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Regardless of how senior you are, a refresher of interview do’s and don’ts is helpful. Even the most obvious suggestions can be overlooked. Below we have assembled a few suggestions to help you make a positive impression.
Be prepared. Undertake preparatory research to ensure you understand the company, department and role before you arrive for the interview.
Arriving on time, in well-groomed attire whilst exuding a confident, polite and courteous manner will help to kick things off positively. First impressions matter!
Listen. The interviewer(s) will most probably outline an agenda for the meeting whilst clearly establishing timeline parameters and an overall objective. It is imperative that you actively support the process by acknowledging and following this schedule.
Be engaged. The hiring team will seek out technical capability to perform the job but equally important is ‘desire’ and ‘passion’. Remember to demonstrate sincere interest via posture and tone modulation. The occasional smile and an affirmative nod of agreement will help too.
Answer the question. Don’t evade a question and remember to provide an expansive response that will reinforce your credentials and expertise. Keep it relevant and on topic whilst remembering to clearly outline the key role and responsibility you held whilst placing this into the context of the overall team.
Differentiate. In a competitive landscape, it is important to shine. What is your ‘value add’ to the firm? What are your accomplishments? What was the situation and how did you achieve them? Do consider this crucial point before, and during, the interview.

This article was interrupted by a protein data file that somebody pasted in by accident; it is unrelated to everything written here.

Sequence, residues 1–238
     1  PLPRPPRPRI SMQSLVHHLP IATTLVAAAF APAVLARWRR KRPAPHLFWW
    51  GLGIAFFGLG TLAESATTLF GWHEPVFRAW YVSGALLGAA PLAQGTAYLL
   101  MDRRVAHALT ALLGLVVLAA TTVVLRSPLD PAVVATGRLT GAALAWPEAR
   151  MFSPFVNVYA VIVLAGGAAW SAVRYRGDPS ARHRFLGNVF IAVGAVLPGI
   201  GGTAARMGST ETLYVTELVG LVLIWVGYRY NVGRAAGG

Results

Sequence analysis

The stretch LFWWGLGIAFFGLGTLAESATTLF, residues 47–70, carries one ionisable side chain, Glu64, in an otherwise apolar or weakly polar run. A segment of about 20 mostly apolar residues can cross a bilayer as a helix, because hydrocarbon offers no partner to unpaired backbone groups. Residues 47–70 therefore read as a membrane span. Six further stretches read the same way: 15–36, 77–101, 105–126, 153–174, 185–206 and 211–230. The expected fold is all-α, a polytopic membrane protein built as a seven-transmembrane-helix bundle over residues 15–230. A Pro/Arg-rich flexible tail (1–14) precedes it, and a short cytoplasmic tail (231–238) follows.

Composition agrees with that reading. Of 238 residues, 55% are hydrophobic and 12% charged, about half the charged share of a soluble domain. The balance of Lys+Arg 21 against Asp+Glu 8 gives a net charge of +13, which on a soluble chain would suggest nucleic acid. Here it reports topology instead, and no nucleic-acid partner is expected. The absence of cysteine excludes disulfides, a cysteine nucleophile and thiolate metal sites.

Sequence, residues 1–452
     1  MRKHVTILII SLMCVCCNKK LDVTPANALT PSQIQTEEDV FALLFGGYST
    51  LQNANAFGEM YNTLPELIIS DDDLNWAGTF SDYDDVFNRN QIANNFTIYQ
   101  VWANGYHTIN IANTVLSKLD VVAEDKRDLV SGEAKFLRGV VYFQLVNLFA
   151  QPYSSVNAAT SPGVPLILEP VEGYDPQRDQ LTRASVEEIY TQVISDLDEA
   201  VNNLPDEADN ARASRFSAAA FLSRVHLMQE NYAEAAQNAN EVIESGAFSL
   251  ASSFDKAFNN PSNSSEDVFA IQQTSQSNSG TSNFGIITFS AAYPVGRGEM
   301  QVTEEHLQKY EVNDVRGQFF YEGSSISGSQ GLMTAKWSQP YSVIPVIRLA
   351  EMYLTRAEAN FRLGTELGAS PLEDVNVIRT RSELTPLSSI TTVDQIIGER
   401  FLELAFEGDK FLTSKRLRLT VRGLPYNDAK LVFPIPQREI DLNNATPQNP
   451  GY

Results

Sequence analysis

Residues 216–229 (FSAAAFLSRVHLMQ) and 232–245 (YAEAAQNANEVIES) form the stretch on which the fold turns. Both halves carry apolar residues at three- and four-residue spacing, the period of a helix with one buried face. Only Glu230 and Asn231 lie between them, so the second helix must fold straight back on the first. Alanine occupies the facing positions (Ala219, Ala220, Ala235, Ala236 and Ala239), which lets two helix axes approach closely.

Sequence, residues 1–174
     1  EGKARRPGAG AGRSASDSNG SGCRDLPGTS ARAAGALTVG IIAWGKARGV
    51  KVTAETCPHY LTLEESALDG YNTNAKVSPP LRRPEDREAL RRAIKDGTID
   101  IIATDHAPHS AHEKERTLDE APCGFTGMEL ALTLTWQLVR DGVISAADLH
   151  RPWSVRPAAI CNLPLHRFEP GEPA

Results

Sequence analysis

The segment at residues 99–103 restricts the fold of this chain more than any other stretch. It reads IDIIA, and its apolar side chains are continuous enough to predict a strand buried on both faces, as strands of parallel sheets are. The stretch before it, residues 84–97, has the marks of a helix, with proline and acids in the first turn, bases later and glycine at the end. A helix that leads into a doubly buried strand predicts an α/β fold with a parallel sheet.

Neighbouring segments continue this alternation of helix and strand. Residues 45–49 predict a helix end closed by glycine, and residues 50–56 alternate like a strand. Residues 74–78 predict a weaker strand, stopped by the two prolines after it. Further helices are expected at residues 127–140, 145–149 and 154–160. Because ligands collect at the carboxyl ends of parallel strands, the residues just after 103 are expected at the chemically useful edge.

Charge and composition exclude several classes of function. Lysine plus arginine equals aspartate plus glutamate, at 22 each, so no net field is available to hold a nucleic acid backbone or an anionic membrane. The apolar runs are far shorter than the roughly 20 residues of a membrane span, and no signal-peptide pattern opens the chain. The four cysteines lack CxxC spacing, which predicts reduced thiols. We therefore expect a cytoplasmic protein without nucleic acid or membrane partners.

Case Studies. With the growing prominence of ‘behavioural’ interviews, it is worthwhile preparing and discussing actual scenarios that demonstrate an encountered situation, what you did, how you did it and the result. Whilst factual, a case study will demonstrate how ‘you’ deliver solutions, manage teams, develop and roll-out strategy and more.
Ask questions. Remember that an interview should be a two-way discussion. Asking relevant questions about the role, the company culture, management style and vision for growth will generate open dialogue and allow you to determine if this is your preferred career move.
Motivation. A hiring manager will seek confirmation that you are genuinely interested in the position. Carefully explain why you might really be interested in the company, the sector and/or any career transition that might be entailed, such as a transformation from a Client-side role to a Service provider, for instance.
Remember to thank the interviewer for spending time to meet you. It is important to follow-up within a couple of days to re-state any interest you have in the position and to determine next steps.